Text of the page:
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In issue 309 -
When an Older Parrot Has Never Learned Skilful Flight – Complete Psittacine by Eb Cravens
In issue 309 -
Scarlet Macaws – were they really bred by indigenous people in the 12th century? Rosemary Low asks the question
In issue 309 -
Understanding the link between nutrition, hormonal behaviours and the avian endocrine system, Part 1 – The Holistic Parrot by Leslie Moran
In issue 309 -
The Yellow-eared Parrot – continues to expand its range in Colombia. By David Waugh, Correspondent, Loro Parque Fundación
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 The October 2023 edition of Parrots magazine (issue 309) will be available to download from 13th September via a link which will be emailed to subscribers. Single copies will be available from our online shop. You can save money by subscribing – find out more here.

Hand-Rearing Parrots - Why We Shouldn’t

Spreads for web 4

by Dr Tariq Abou-Zahr BVSc ECZM Resident(Avian) MRCVS
who explains the gist of the problem

For many people who decide they are going to get a parrot as a pet, the possibility of acquiring a parent-reared bird is not even considered. Why would you? Parent-reared birds are never likely to be as amazingly ‘silly tame’ or ‘cuddly tame’, as their hand-reared companions, plus it’s going to take a lot of time and effort to even get them close. A hand-reared bird is tame by default – which seems like a no brainer. While the message has, unfortunately, not yet reached the masses, it is well known that there are several disadvantages to producing hand-reared, imprinted parrots for the mainstream pet market.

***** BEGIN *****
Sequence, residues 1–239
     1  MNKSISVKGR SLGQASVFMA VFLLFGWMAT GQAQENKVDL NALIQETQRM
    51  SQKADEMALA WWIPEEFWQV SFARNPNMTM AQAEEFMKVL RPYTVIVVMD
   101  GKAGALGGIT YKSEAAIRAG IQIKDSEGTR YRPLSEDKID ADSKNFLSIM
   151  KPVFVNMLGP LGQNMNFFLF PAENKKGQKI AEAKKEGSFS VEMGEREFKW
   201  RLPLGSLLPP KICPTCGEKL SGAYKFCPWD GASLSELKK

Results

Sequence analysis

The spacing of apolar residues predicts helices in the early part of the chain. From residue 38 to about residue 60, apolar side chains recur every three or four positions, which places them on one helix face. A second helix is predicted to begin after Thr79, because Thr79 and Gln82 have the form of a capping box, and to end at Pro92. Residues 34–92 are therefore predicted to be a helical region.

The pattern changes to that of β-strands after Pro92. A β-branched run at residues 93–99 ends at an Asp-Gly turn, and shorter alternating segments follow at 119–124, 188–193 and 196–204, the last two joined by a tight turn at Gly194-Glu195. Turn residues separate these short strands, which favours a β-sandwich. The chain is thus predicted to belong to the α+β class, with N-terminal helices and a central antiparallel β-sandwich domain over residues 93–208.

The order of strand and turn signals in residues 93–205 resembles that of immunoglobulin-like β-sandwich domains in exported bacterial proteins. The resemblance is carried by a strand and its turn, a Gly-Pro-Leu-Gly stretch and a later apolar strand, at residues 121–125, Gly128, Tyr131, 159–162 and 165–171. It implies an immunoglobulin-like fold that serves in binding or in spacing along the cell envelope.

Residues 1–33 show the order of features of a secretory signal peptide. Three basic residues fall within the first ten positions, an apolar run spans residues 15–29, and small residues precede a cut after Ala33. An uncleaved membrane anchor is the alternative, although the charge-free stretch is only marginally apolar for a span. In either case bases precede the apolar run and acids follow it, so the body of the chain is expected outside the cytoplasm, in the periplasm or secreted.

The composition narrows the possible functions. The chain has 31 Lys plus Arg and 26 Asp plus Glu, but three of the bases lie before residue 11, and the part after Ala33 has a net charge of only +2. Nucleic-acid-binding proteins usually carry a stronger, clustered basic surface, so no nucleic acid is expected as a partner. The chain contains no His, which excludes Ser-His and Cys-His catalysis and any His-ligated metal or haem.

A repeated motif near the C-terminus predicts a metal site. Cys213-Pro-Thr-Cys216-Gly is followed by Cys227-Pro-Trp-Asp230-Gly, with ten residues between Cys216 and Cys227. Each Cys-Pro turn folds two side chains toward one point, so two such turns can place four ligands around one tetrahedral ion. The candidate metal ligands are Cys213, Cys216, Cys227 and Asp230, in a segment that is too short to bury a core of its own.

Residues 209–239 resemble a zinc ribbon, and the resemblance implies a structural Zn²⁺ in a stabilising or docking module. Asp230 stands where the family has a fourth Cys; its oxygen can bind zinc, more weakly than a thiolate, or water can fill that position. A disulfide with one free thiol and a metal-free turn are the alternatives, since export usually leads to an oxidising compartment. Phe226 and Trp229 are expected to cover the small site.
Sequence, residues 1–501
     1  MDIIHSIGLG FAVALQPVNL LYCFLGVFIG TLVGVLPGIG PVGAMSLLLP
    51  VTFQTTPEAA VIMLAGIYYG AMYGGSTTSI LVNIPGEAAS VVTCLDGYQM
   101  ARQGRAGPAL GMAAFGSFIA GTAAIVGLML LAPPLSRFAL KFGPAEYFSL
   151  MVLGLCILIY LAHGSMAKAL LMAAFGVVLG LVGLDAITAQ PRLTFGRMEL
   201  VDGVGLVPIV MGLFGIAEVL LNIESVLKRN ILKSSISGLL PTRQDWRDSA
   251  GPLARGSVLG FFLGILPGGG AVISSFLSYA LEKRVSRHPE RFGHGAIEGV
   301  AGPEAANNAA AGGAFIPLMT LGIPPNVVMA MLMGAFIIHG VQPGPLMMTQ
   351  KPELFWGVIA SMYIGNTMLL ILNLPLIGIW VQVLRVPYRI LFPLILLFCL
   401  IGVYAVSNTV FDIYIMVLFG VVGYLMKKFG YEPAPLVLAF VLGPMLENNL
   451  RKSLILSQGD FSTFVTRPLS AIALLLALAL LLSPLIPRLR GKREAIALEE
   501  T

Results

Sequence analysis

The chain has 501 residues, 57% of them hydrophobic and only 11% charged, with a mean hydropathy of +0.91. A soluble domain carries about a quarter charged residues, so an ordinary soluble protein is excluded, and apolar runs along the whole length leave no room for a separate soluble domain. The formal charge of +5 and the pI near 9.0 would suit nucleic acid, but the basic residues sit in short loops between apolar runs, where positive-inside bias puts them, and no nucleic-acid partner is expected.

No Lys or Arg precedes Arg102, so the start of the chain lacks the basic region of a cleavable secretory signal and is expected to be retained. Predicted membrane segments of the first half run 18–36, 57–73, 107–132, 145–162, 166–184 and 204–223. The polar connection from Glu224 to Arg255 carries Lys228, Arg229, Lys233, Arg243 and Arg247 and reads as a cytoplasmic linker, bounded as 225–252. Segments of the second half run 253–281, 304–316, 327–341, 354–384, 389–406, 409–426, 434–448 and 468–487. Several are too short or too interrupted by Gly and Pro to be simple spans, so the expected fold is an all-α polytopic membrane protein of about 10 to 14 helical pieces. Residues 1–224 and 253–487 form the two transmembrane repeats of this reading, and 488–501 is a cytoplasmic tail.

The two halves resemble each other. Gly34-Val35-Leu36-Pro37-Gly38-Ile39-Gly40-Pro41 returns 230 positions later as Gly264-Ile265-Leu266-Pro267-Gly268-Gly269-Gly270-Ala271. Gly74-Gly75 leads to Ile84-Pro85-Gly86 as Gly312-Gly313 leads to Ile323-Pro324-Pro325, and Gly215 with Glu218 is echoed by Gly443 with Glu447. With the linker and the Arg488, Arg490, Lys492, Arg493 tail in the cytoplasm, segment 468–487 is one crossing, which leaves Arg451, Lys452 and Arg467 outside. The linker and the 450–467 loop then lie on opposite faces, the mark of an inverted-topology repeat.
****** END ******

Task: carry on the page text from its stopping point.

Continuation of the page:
I alluded to some of these problems in my article in Parrots magazine a few months ago on the welfare considerations of exotic pet keeping/parrot keeping. I was interested to see that a recent BBC documentary “Trust Me I’m a Vet” featured a segment on parrot keeping and pushed the message that hand-reared birds were far less suitable as pets than parent-reared. It is also interesting to see that commercial hand-rearing of psittacines is now an illegal practice in several European countries for example, in the Netherlands and in Austria, for animal welfare reasons.

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